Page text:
Saving some money in your production process may be as simple as moving machines on your shop floor. Where your machines are located, where you have your materials and finished items stored, and your traffic flow patterns can all have an impact on your bottom line.
It sounds like common sense, but Ryan King, National Sales Manager for CIDAN Machinery, has spent many hours visiting architectural sheet metal shops and has seen how the rush of day-to-day business can interfere with maintaining good shop floor layouts. Rollforming Magazine followed up with him after he raised the issue during an educational presentation at the Construction Rollforming Show last October.
“The most efficient shops …. have a flow from start to finish,” King said. “The raw products start at one end of the building, and the finished products on the other.”
Unfortunately, that isn’t always the case.
“I’ve walked into many shops and a shear is behind the roll former and the folder is just thrown where they had space at the time,” he noted.
This typically happens in an older, established shop that has seen a rotation of machines. Rather than stopping to reorganize the entire shop, the new machine is moved in with little regard for where it fits best into the production scheme.
“Workers should all be working in the same common area,” King said. “A new slitter should be put with the slitters, a folder should be with the folders, a roll former should be with the roll formers. You may have to move this, this, and this, but in the long run it makes more sense.”
Of course, the size of your shop makes a difference. If you’re a contractor making your own architectural trims on a low-production basis, you’re likely working in a limited space on small or one-off jobs. You may not have many options for shop floor configuration. In such cases it’s “less about revenue and more about controlling the process,” King said, noting that machines should at least be situated in a way that maximizes production by requiring fewer steps for the operator to maximize production time.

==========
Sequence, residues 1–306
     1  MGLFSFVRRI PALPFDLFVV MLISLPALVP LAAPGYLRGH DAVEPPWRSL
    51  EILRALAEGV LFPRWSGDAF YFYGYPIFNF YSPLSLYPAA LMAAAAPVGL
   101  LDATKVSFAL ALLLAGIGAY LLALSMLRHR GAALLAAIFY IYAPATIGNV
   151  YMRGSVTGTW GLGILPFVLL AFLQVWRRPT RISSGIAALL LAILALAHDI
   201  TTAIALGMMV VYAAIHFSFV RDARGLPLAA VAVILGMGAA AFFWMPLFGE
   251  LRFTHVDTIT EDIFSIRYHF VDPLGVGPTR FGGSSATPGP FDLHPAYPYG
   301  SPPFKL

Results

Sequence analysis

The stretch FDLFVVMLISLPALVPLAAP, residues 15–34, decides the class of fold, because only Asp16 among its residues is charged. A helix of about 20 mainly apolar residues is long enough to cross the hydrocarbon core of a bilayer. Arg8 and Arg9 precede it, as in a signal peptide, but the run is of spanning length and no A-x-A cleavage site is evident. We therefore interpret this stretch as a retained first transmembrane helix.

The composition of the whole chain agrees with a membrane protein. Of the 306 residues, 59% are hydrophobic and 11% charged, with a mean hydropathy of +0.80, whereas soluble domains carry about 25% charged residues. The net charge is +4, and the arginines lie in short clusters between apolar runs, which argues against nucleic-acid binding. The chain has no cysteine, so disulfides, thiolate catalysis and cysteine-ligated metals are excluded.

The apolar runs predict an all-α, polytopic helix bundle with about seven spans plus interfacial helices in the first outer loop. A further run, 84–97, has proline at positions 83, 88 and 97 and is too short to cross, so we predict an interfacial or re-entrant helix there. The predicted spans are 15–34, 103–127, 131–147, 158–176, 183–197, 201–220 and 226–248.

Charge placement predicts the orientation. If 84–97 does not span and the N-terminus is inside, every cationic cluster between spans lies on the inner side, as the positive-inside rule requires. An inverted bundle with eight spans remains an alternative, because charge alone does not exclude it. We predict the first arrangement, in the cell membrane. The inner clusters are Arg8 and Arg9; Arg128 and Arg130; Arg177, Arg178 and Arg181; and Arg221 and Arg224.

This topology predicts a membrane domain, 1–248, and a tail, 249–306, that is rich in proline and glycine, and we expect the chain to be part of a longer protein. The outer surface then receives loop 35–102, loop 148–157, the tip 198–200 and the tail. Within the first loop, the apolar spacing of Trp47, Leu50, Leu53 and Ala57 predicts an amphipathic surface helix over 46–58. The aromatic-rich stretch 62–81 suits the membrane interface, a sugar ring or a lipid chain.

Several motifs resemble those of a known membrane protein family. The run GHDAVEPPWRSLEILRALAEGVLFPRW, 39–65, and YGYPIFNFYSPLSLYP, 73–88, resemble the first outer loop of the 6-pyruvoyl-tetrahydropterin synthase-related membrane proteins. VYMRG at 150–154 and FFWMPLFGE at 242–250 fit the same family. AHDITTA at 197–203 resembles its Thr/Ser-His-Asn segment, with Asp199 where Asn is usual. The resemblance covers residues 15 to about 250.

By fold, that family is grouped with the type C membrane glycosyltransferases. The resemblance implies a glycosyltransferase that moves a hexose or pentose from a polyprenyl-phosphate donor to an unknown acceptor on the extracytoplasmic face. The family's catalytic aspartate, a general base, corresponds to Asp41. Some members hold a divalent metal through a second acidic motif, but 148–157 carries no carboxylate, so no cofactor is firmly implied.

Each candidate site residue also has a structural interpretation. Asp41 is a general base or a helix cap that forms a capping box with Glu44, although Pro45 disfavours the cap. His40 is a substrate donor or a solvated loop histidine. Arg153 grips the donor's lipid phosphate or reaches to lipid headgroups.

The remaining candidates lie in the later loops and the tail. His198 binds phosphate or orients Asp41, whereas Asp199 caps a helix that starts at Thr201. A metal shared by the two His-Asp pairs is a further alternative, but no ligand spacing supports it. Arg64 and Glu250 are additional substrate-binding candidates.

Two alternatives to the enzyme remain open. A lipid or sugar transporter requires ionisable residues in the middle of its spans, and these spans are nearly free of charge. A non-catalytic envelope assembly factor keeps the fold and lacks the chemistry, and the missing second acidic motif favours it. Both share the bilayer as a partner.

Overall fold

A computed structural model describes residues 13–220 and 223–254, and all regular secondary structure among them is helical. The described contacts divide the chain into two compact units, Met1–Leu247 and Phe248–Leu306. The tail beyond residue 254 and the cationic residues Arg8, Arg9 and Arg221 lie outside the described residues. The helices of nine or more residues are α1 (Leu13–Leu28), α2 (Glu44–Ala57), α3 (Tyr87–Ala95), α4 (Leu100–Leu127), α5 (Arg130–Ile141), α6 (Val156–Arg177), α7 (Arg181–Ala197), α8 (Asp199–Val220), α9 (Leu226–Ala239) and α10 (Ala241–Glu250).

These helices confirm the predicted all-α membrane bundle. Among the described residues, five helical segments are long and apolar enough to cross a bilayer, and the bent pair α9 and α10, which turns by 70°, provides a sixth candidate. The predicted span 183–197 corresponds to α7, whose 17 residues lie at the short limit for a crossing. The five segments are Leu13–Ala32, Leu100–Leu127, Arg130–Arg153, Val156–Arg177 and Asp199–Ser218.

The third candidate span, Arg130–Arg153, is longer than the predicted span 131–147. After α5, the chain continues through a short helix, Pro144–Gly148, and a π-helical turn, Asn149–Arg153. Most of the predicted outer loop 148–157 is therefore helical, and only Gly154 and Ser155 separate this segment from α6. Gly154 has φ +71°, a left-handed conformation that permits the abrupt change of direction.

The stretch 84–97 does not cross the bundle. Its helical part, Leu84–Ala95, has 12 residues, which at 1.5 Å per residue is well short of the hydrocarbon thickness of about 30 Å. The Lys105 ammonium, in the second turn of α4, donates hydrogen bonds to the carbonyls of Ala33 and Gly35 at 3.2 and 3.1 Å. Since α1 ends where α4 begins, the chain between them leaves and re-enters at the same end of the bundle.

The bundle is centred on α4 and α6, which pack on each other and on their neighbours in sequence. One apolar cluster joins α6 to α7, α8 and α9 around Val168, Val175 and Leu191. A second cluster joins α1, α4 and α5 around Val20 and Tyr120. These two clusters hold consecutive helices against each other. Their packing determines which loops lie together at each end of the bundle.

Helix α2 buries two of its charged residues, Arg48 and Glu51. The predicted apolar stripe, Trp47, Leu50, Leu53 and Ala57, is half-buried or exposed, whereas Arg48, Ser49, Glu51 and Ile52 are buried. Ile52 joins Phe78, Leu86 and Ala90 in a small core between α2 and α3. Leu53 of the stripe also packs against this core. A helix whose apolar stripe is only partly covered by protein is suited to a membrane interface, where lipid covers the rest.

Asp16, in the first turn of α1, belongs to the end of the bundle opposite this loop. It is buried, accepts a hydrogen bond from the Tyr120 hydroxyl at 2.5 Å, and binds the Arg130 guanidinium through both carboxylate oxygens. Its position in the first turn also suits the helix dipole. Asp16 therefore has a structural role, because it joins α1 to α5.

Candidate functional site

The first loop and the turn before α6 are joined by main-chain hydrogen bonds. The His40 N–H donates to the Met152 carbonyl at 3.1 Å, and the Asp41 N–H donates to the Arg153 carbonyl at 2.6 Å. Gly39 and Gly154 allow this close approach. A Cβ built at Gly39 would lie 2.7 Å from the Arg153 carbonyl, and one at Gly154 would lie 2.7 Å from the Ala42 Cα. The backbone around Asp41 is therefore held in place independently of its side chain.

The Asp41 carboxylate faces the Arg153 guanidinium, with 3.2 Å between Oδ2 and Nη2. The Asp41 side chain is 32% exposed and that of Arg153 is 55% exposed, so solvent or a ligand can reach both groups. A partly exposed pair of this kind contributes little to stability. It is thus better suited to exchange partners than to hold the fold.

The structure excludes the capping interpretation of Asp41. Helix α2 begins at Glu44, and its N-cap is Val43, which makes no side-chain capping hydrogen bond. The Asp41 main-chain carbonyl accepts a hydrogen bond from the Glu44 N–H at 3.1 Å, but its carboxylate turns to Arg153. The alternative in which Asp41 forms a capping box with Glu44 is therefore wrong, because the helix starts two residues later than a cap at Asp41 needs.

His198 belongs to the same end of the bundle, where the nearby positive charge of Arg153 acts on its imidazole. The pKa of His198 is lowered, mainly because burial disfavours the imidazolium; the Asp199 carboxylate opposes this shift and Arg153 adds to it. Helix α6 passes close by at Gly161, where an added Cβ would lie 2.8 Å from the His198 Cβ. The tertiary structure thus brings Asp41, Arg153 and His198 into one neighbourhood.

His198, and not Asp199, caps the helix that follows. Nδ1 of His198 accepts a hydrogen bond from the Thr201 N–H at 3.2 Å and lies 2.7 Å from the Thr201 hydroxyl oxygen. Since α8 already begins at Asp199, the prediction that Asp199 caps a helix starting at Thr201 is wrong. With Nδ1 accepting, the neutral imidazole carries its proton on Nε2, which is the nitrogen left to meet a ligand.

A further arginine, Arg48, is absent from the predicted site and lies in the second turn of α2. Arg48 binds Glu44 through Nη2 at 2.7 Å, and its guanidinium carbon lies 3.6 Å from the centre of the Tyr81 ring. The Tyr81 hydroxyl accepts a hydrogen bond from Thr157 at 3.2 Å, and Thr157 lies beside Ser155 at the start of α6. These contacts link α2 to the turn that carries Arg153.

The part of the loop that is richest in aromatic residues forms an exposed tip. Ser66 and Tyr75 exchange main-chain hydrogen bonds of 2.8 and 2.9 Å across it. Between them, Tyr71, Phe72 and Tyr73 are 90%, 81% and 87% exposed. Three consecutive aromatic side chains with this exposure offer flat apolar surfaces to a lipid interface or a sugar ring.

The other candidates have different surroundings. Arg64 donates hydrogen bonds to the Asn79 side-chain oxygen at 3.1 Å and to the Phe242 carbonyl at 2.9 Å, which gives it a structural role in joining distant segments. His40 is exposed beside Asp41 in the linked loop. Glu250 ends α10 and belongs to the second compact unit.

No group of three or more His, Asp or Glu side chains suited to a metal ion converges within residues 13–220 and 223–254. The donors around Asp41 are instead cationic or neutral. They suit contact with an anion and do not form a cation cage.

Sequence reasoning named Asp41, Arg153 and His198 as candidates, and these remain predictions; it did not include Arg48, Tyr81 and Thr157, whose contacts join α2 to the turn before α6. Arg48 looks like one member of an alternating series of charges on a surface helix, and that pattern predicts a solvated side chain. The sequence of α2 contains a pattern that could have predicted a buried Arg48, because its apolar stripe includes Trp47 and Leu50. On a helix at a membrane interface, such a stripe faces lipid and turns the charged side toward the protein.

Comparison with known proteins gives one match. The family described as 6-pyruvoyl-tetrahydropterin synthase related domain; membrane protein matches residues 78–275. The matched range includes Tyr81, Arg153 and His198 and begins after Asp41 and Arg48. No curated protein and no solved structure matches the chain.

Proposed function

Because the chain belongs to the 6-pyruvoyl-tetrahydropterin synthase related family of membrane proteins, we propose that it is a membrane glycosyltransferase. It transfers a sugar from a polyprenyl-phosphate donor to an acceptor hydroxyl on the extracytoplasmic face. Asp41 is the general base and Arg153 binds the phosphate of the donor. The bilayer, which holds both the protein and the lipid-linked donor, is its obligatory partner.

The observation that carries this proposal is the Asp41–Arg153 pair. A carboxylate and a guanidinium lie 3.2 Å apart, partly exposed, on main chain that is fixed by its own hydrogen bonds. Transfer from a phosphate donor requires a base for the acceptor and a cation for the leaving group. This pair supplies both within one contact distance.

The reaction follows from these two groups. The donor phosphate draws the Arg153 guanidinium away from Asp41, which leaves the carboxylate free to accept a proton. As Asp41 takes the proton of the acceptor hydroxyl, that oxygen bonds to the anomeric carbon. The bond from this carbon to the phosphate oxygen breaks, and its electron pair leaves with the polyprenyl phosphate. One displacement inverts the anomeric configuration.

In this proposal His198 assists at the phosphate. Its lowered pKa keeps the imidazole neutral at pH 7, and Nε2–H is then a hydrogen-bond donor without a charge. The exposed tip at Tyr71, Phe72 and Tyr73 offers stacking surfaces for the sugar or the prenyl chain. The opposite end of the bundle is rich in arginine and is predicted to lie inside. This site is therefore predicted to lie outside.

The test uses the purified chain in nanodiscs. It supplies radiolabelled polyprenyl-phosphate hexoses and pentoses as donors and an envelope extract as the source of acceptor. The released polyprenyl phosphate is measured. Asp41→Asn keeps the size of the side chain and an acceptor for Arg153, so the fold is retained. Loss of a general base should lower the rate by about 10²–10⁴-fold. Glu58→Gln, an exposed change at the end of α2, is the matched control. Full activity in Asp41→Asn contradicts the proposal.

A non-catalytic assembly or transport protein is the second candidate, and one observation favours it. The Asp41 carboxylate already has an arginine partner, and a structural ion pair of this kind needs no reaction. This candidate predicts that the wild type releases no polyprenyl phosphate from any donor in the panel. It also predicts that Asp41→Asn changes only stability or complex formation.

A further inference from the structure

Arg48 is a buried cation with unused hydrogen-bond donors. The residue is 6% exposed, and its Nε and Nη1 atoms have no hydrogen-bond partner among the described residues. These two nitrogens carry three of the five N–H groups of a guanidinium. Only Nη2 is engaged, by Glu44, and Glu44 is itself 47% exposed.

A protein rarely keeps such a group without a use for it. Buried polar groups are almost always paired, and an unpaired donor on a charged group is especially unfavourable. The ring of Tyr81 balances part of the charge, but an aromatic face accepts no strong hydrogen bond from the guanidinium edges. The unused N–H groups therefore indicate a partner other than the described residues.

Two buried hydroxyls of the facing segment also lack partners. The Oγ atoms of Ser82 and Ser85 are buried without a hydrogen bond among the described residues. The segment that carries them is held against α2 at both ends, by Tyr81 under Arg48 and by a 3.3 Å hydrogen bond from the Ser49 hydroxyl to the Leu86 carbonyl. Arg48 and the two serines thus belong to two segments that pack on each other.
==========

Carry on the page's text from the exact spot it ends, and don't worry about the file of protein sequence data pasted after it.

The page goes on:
For the typical metal-forming shop running ag/tuf-rib/PBR panels, shop floor configuration takes on increased financial importance: bigger machines, thousands of pounds of coil, product storage and shipping procedures, forklift and truck traffic all play a role in workflow efficiency.
King describes an example where a shop’s slit line is located 20 feet from the folder. It may take less than a minute to get from one area to the next, but over the course of one day those seconds add up. “Every step that [operator] takes is time,” he said. It doesn’t look like much on a micro level but from a macro level, every day that worker is spending 20 minutes a day just walking between those two machines, multiply 250+ working days a year, that represents thousands of dollars, and you’re getting less product out the door.”
For small shops planning to remain small, the dollars may seem insignificant, but if you plan to grow your shop to the next level, paying attention to those small things up front can make a difference as you extrapolate expenses over time and growth.
King recommends using slower times of the year to evaluate your shop floor configuration and make changes. “Moving machines around comes with a greater cost up front,” King said. “You have to move them, rewire them, re-level them, but if you have one machine and you place it far away from the other machines [it can cost more over time].”
Working with New Buildings and Old Buildings
As would be expected, working with a new building versus retrofitting an old building makes floor planning easier. “It’s always going to be easier because you’re working with a blank slate,” King said.